Erdogan Faces Rare Rebellion Within His Party as Economy Weakens
(Bloomberg) -- Turkish President Recep Tayyip Erdogan was confronted with a rare sign of rebellion within the governing party as former allies attacked his leadership following a sharp deterioration in the economy and stinging losses in local elections last month.
Ahmet Davutoglu, who was once Erdogan’s handpicked successor at the helm of the ruling AK Party, said it “must face the reality of decreasing public support” due to “arrogant” policies. The former prime minister’s written statement on Monday avoided any personal criticism of Erdogan, though ripped into policies under the president from the management of economy to curbing of basic liberties and the pressure on free speech.
“We can’t manage the economic crisis that’s in play by denying its existence,” said Davutoglu, who is still an AKP member, though no longer in parliament. “A governance crisis lies at the root of the economic crisis that we are living.”
The broadside underscores the turmoil in Turkey as Erdogan tries to keep control of the political narrative and smother any sign of opposition.
In power for much of the past two decades, the Turkish president and his party are in uncharted territory after unprecedented losses in large cities. The economy is on a knife edge because of a plunge in the currency and the looming threat of more U.S. sanctions.
Davutoglu warned against drifting away from free market economics and said the AKP’s electoral alliance with ultra-nationalists is making the governing party a hostage to a smaller political group. Turkey’s pro-government media gave no air time to Davutoglu’s call for reform.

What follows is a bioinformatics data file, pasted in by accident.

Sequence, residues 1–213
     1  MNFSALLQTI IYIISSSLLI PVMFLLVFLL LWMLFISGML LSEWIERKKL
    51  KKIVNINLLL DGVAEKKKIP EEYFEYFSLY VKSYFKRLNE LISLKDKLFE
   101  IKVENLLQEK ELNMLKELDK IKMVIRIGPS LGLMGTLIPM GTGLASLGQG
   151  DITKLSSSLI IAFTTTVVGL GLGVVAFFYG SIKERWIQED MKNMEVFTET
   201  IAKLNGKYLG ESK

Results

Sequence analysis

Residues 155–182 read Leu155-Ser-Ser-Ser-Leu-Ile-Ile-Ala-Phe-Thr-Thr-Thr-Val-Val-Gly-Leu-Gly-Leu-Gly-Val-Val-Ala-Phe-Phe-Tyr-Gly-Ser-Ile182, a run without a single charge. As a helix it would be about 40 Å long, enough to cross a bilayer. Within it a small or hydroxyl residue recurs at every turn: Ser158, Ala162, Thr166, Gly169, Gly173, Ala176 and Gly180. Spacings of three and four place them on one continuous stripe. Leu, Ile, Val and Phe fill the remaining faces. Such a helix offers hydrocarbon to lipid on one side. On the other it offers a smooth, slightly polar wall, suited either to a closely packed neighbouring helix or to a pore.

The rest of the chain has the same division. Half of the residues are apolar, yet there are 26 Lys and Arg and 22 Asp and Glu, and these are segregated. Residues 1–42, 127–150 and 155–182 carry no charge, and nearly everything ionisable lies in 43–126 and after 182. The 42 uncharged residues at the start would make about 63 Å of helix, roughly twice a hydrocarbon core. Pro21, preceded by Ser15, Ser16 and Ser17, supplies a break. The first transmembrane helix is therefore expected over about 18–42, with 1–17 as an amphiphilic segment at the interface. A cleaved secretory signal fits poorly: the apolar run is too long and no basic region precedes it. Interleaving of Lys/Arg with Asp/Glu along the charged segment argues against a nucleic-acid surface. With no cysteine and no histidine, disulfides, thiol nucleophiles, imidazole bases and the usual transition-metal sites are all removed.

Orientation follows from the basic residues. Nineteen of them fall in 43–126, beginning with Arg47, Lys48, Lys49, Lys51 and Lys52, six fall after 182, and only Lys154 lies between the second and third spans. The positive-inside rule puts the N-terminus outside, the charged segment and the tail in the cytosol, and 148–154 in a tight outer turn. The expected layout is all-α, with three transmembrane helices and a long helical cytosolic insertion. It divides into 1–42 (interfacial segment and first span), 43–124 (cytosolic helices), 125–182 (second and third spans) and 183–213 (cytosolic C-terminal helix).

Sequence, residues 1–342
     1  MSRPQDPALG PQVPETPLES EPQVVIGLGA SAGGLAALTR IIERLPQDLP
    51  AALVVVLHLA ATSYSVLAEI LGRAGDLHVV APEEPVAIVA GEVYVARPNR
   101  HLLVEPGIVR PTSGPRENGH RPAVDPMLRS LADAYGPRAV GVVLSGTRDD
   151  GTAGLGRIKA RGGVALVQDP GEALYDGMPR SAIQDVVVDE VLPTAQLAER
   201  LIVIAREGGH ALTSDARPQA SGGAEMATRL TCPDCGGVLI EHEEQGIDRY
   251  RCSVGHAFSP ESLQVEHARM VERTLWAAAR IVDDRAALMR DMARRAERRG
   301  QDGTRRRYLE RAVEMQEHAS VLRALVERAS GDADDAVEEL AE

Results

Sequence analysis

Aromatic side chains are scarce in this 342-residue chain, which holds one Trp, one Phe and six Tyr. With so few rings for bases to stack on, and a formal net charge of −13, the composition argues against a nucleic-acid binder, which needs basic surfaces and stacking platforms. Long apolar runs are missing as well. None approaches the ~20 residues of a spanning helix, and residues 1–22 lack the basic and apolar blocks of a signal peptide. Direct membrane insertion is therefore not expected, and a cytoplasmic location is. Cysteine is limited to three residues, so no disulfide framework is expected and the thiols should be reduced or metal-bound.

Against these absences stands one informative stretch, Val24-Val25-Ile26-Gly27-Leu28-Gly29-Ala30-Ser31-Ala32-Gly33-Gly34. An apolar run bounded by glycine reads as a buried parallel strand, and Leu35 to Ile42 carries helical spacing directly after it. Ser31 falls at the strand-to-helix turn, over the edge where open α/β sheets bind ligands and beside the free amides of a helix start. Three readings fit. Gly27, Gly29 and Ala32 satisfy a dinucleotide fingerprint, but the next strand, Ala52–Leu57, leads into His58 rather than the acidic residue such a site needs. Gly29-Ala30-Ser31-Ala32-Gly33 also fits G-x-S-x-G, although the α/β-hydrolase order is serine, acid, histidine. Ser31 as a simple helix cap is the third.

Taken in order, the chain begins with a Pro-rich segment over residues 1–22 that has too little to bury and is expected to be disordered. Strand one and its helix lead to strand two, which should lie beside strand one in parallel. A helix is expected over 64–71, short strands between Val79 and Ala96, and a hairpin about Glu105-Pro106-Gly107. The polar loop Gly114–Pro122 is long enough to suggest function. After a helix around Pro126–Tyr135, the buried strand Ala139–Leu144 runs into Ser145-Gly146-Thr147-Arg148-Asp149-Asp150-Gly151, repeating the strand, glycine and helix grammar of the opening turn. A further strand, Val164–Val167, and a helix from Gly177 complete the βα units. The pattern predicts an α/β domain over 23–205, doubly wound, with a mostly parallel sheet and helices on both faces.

In criticizing Erdogan, Davutoglu faces a leader who has triumphed over powerful opponents and survived a coup attempt in 2016. Erdogan, 65, has repeatedly warned members of his party not to commit “treason” and he has shown no sign of tolerance to any sign of dissent within the party in the past.
Nihat Ali Ozcan, a strategist at the Ankara-based Economic Policy Research Foundation of Turkey, said Davutoglu was doomed to fail. “Davutoglu certainly does not have the capacity or influence either over the party or AK Party supporters to challenge Erdogan’s rule,” he said by phone. “Erdogan still calls the shots over the party and is likely to do so.”
Indeed, it’s not clear what support Davutoglu has or where the the public criticism might lead. The rebellion could provide an opening for members of a party that’s feeling increasingly restless over the economy and the alliance with nationalist party MHP.
Davutoglu didn’t try to poach any AKP lawmakers and instead prioritizes an overhaul of the party from the ground up, according to a person familiar with his thinking. There have been overtures to members of Erdogan’s former top team of policy makers such as ex-deputy premier Ali Babacan, though he hasn’t endorsed any public criticism.
If Erdogan chooses demonize critics instead of addressing them, the internal opposition could find itself forced to set up a an alternative political party, the person said.
Whatever happens, Erdogan remains faced with trying to recover from the loss of key cities in March 31 municipal elections. The defeat in Istanbul, where Erdogan made his political career, is disputed by the president’s top aides.
Turkey’s highest electoral body on Monday is expected to start evaluating whether to nullify the Istanbul municipal election results and hold the new vote demanded by AKP.
Ekrem Imamoglu of the opposition CHP assumed the office of Istanbul mayor on April 17 after being awarded the victory, sending the lira surging. The next day, though, the currency tumbled as much as 1.9 percent against the dollar on reports that the central bank was using short-term borrowing to bolster its foreign reserves.
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